Venezuela’s failure

With regard to the report between 1st April and 31st July 2017 on human rights violations in the context of mass protests in the Bolivarian Republic of Venezuela, there is an increasingly critical human rights situation since the protests began, with mounting levels of repression of political dissent by national security forces, and increasing stigmatisation and persecution of people perceived as opposing the Government of President Maduro. OHCHR documented extensive violations of human rights by national authorities in the context of country-wide demonstrations aimed at curbing any type of anti-government protests. OHCHR found that security forces systematically used excessive force and arbitrarily detained protesters. Patterns of ill-treatment, in some cases amounting to torture, and serious violations of due process rights of persons detained in connection with the protests by Venezuelan authorities were also documented.

Syria’s failure

This report focuses on women and girls' lack of access to education, as well as their lack of access to healthcare, including care specific to victims of gender-based violence. It also illustrates the unavailability of protection and justice for women and girls in the face of ongoing gender-based violence, including sexual violence, forced and early marriage, and "honor" crimes. In addition, it describes how women are discriminated against under Syria's laws regarding nationality. International Humanitarian Law and International Human Rights Law is against the use of weapons of mass destruction. They are a threat not only to international peace and security but against humanity itself.

Libya and Syria are typical examples of it nowadays. Mankind has experienced two world wars, and yet it seems that it does not realise what has happened, and that it has not learned from past mistakes. The responsibility of international organisations is a very difficult and highly controversial issue; there must be very specific and clear evidence, in order to have a chance to stand in front of the International Criminal Court for a case like the massacres and the cruel killings which took place in Syria. How many more victims do we still have to mourn?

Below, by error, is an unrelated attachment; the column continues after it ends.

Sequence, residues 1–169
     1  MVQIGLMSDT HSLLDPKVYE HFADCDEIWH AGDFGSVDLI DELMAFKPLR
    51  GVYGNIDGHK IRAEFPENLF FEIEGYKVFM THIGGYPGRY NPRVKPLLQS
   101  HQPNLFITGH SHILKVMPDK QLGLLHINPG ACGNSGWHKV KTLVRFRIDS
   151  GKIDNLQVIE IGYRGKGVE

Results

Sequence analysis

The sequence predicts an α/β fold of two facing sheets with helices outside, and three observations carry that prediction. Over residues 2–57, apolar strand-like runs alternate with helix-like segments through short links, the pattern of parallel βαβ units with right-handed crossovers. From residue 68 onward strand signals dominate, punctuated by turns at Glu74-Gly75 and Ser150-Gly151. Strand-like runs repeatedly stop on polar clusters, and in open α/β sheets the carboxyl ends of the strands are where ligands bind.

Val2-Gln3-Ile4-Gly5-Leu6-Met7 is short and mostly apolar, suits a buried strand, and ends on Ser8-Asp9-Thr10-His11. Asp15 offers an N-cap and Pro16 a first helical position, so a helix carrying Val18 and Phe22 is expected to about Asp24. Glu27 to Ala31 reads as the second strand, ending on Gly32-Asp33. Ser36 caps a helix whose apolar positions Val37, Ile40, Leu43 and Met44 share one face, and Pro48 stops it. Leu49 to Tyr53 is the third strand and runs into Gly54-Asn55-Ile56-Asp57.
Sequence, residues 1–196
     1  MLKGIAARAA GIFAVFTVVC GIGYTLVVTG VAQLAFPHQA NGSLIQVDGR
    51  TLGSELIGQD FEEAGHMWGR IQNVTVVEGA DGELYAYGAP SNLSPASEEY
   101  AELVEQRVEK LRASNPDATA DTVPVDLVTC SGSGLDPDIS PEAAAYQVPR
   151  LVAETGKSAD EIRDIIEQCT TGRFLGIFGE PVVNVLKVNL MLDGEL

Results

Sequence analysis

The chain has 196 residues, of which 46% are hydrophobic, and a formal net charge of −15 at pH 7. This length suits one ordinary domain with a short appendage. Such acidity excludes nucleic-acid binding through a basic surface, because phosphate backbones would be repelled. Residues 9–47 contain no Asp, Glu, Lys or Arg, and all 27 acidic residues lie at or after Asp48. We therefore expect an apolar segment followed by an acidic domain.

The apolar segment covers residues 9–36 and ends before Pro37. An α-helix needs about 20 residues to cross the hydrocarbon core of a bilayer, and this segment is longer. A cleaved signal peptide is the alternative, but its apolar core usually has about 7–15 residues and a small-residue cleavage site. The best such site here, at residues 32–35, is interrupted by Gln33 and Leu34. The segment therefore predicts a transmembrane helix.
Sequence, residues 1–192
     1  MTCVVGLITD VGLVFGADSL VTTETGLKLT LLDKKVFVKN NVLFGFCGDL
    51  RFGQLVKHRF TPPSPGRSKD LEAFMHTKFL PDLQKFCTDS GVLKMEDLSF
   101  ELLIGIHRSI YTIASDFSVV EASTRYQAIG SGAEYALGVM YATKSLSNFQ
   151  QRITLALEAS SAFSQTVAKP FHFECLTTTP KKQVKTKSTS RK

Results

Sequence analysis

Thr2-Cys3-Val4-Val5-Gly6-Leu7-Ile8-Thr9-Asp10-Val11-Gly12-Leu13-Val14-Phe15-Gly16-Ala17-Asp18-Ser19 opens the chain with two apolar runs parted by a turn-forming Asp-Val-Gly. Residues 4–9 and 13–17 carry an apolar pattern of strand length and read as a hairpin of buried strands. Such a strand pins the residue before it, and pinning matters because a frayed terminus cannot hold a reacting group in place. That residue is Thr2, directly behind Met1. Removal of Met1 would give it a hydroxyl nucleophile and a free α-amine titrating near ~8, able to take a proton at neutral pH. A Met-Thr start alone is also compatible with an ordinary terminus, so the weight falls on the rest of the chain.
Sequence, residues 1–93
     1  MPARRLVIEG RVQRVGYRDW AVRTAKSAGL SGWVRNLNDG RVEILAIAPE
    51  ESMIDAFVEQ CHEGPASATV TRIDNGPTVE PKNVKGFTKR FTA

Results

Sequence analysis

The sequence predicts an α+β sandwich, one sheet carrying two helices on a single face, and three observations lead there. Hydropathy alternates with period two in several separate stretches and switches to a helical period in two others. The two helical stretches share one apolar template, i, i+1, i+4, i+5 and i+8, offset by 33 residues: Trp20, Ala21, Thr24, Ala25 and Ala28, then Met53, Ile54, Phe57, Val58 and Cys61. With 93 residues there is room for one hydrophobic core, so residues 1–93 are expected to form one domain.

In another article interviews reveal; headscarf issues as well as Kurdish conflict and the murder of Hrant Dink he has always been a target for and demonised by the Turkish government. In conclusion, the misuse/misinterpretations of human rights norms lead to more authoritarian regimes and ultimately to choose;

1- to stay in the country

2- adopt forced migration to freer countries.

Turkey’s position

The enjoyment of human rights in South-East Turkey is further undermined by violent attacks, such as killings or kidnappings, as well as acts of terrorism which, according to Government sources, have been committed by the Kurdistan’s Workers Party (PKK)5 targeting among others, members of the ruling Justice and Development Party (AKP) in the region. The Government has reportedly responded by intensifying its military activity in the region, as well as by employing disproportionate security measures. This prevailing violence and insecurity is exacerbated by the political instability and deepening social divisions, and spurred on by the absence of any effective institutional platform to facilitate social dialogue in South-East Turkey.